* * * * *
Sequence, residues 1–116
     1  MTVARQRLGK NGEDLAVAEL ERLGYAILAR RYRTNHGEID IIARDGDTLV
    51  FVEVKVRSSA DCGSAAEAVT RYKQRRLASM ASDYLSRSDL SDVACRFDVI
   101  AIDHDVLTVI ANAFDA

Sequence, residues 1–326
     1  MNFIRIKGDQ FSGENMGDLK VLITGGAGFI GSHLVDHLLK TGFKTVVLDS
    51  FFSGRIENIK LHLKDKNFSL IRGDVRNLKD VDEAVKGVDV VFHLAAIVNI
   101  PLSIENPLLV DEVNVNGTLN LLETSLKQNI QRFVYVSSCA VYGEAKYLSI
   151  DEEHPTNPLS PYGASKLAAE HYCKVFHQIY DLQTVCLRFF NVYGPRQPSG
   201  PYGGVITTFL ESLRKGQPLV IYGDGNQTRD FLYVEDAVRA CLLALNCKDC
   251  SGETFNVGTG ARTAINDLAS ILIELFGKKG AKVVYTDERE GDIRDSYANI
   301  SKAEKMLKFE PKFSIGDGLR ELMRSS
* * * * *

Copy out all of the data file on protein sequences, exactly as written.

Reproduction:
Sequence, residues 1–116
     1  MTVARQRLGK NGEDLAVAEL ERLGYAILAR RYRTNHGEID IIARDGDTLV
    51  FVEVKVRSSA DCGSAAEAVT RYKQRRLASM ASDYLSRSDL SDVACRFDVI
   101  AIDHDVLTVI ANAFDA

Sequence, residues 1–326
     1  MNFIRIKGDQ FSGENMGDLK VLITGGAGFI GSHLVDHLLK TGFKTVVLDS
    51  FFSGRIENIK LHLKDKNFSL IRGDVRNLKD VDEAVKGVDV VFHLAAIVNI
   101  PLSIENPLLV DEVNVNGTLN LLETSLKQNI QRFVYVSSCA VYGEAKYLSI
   151  DEEHPTNPLS PYGASKLAAE HYCKVFHQIY DLQTVCLRFF NVYGPRQPSG
   201  PYGGVITTFL ESLRKGQPLV IYGDGNQTRD FLYVEDAVRA CLLALNCKDC
   251  SGETFNVGTG ARTAINDLAS ILIELFGKKG AKVVYTDERE GDIRDSYANI
   301  SKAEKMLKFE PKFSIGDGLR ELMRSS